Information by Product Line
The Company operates exclusively in the semiconductor industry and primarily within the analog and mixed-signal sector.
The table below provides net sales activity by product line on a comparative basis:
| | | | | | | | | | | | | | | | | | | | | | | | | | | | | | | | | | | | | | | | | | | | | | || |
| | Three Months Ended | | Nine Months Ended |
| (in thousands, except percentages) | October 31, 2021 | | October 25, 2020 | | October 31, 2021 | | October 25, 2020 |May 1, 2022 | | May 2, 2021 | | | | |
| Signal Integrity | $ | 75,405 | | | 39 | % | | $ | 61,553 | Signal Integrity | $ | 79,302 | | | 40 | % | | $ | 66,695 | | | 39 | % | | | | | | | | |
| Wireless and Sensing | 67,299 | | | 33 | % | | 58,507 | | | 34 | % | | 184,223 | | | 33 | % | | 122,933 | | | 29 | % || | | | | | |
| Protection | 55,548 | | | 27 | % | | 45,170 | | | 27 | % | | 150,898 | | | 27 | % | | 114,384 | | |27 | % || | | | | | |
| Total net sales | $ | 202,149 | | | 100 | % | | $ | 154,082 | | | 100 | % | | $ | 550,308 | | | 100 | % | | $ | 430,444 | | |100 | % |170,372 | | | 100 | % | | | | | | | | |
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Information by Sales Channel
| | | | | | | | | | | | | | | | | | | | | | | | | | | | | | | | | | | | | | | | | | | | | | | ||
| (in thousands, except percentages) | Three Months Ended | | Nine Months Ended |
| | October 31, 2021 | | October 25, 2020 | | October 31, 2021 | | October 25, 2020 |
| | May 1, 2022 | | May 2, 2021 | | | | |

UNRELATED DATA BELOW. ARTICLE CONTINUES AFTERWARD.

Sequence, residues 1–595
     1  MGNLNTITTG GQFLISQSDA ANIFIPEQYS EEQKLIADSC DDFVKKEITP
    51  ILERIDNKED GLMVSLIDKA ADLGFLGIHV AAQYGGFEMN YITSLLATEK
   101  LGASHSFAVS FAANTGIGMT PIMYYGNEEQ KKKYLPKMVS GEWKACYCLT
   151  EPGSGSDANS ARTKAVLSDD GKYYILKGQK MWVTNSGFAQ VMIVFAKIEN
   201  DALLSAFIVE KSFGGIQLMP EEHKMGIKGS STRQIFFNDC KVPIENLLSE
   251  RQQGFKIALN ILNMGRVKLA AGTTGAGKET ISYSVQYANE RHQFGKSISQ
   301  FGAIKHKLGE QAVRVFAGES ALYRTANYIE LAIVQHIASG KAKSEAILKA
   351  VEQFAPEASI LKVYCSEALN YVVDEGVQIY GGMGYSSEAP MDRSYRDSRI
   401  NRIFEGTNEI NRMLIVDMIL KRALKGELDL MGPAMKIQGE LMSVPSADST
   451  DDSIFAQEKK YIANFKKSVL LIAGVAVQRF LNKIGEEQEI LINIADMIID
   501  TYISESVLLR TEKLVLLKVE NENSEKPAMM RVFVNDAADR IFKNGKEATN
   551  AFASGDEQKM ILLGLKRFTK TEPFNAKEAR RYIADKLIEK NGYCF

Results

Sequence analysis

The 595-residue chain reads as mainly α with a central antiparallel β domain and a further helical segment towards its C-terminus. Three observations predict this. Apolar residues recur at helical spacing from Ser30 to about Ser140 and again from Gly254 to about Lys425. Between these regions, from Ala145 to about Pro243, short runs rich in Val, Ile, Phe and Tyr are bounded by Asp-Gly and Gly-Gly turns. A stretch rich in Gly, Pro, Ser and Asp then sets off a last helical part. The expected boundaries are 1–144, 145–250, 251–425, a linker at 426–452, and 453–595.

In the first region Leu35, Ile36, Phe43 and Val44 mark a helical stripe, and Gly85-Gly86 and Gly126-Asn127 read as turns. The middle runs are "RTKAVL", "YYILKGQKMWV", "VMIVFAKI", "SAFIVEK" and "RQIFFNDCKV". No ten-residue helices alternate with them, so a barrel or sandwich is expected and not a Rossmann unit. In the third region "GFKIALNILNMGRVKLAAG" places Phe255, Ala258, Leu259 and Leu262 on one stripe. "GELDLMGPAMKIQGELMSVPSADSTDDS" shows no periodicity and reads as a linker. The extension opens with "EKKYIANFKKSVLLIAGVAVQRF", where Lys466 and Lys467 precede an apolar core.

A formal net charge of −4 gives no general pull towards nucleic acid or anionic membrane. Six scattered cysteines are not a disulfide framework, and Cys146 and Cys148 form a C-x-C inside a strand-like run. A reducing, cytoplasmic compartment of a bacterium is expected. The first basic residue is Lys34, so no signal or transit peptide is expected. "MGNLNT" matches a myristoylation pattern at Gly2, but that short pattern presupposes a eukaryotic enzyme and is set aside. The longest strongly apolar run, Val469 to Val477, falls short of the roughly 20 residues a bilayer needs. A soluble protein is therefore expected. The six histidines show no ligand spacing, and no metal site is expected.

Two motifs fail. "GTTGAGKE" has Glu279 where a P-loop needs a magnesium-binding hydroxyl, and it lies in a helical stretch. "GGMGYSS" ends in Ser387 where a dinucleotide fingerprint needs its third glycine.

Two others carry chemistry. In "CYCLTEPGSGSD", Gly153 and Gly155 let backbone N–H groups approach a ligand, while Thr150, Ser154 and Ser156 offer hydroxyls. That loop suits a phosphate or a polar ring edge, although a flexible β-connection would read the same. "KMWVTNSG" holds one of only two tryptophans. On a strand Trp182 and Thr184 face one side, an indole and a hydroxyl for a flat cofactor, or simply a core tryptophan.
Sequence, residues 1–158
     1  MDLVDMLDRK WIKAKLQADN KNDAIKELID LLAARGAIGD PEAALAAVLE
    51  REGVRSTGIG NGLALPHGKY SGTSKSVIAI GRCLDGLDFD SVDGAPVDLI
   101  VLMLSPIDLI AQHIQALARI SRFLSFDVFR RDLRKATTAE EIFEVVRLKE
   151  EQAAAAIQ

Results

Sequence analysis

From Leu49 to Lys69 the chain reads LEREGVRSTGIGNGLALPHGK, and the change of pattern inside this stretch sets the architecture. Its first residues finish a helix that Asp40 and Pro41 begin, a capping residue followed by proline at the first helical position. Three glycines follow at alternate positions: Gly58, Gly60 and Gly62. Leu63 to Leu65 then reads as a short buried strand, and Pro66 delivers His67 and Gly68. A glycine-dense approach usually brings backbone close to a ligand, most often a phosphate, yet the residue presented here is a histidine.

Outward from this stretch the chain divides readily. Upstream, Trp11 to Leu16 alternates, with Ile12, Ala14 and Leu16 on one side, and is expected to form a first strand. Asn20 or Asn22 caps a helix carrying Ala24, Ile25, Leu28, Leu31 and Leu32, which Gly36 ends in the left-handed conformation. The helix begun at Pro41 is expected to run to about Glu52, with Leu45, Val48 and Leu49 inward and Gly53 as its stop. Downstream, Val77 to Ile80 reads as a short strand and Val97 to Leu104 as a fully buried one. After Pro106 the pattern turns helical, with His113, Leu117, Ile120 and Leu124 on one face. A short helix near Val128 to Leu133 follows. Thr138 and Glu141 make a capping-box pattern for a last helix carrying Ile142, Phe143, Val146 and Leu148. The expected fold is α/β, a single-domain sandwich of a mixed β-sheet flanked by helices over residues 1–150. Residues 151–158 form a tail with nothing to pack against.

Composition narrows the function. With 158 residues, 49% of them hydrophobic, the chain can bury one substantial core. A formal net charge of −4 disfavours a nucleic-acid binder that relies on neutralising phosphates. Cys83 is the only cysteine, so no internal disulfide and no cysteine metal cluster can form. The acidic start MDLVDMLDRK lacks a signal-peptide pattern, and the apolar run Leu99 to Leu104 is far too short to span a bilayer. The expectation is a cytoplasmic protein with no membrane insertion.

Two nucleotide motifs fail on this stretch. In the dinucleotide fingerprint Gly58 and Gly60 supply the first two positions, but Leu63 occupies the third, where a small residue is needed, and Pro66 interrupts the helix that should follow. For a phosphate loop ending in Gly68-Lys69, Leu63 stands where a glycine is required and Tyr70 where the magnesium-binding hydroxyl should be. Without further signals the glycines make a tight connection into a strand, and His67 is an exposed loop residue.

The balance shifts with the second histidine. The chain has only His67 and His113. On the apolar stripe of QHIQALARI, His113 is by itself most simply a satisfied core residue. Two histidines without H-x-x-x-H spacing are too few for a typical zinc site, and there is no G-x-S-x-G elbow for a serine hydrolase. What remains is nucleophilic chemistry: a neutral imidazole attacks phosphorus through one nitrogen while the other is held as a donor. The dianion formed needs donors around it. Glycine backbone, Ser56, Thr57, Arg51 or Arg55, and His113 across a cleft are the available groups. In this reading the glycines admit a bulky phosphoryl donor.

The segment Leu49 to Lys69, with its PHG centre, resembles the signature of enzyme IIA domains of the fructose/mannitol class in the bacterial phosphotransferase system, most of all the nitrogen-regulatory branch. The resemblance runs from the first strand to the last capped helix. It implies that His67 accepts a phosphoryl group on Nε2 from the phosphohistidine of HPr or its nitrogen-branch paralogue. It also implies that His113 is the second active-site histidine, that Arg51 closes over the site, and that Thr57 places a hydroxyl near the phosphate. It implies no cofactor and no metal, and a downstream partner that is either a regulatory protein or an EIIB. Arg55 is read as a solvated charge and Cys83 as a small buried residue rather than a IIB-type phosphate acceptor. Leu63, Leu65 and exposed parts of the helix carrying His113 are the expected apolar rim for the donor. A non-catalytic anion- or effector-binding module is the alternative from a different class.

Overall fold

| Distributor | $ | 179,033 | | | 89 | % | | $ | 146,400 | | | 86 | % | | $ | 478,096 | | | 87 | % | | $ | 346,103 | | | 80 | % | | | | | | | |
| Direct | 23,116 | | | 11 | % | | 23,972 | | | 14 | % | | 72,212 | | | 13 | % | | 84,341 | | |20 | % || | | | | | |
| Total net sales | $ | 202,149 | | | 100 | % | | $ | 154,082 | | | 100 | % | | $ | 550,308 | | | 100 | % | |$ | 430,444 | | | 100 | % |170,372 | | | 100 | % | | | | | | | | |
Generally, the Company does not have long-term contracts with its distributors and most distributor agreements can be terminated by either party with short notice. For the first quarter of fiscal year 2023, the Company's largest distributors were based in Asia.
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Geographic Information
Net sales activity by geographic region was as follows:
| | | | | | | | | | | | | | | | || | | | | | | |
| | Three Months Ended | | Nine Months Ended |
| (percentage of total net sales) | October 31, 2021 | | October 25, 2020 | | October 31, 2021 | | October 25, 2020 |May 1, 2022 | | May 2, 2021 | | | | |
| Asia-Pacific | 76 | % | | 78 | % | | | | |
| North America | 13 | % | | 13 | % | | | | |
| Europe | 10 | % | | 8 | % | | 9 | % | | 8 | % |
| Europe | 11 | % | | 9 | % | | | | |
| | 100 | % | | 100 | % | | | | |